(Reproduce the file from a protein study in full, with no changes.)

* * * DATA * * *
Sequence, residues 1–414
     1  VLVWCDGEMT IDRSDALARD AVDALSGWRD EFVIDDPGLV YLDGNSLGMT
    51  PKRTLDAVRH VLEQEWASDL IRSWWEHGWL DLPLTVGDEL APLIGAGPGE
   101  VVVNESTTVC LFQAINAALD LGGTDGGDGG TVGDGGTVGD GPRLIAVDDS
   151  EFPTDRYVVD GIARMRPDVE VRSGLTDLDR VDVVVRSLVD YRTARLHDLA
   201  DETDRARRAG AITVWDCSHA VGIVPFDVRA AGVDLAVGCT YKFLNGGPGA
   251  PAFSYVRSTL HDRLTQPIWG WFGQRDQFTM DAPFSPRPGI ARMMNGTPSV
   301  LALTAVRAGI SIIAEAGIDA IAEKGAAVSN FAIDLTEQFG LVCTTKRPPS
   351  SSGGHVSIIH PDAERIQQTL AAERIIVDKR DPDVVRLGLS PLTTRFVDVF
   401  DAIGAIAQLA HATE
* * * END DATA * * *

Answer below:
Sequence, residues 1–414
     1  VLVWCDGEMT IDRSDALARD AVDALSGWRD EFVIDDPGLV YLDGNSLGMT
    51  PKRTLDAVRH VLEQEWASDL IRSWWEHGWL DLPLTVGDEL APLIGAGPGE
   101  VVVNESTTVC LFQAINAALD LGGTDGGDGG TVGDGGTVGD GPRLIAVDDS
   151  EFPTDRYVVD GIARMRPDVE VRSGLTDLDR VDVVVRSLVD YRTARLHDLA
   201  DETDRARRAG AITVWDCSHA VGIVPFDVRA AGVDLAVGCT YKFLNGGPGA
   251  PAFSYVRSTL HDRLTQPIWG WFGQRDQFTM DAPFSPRPGI ARMMNGTPSV
   301  LALTAVRAGI SIIAEAGIDA IAEKGAAVSN FAIDLTEQFG LVCTTKRPPS
   351  SSGGHVSIIH PDAERIQQTL AAERIIVDKR DPDVVRLGLS PLTTRFVDVF
   401  DAIGAIAQLA HATE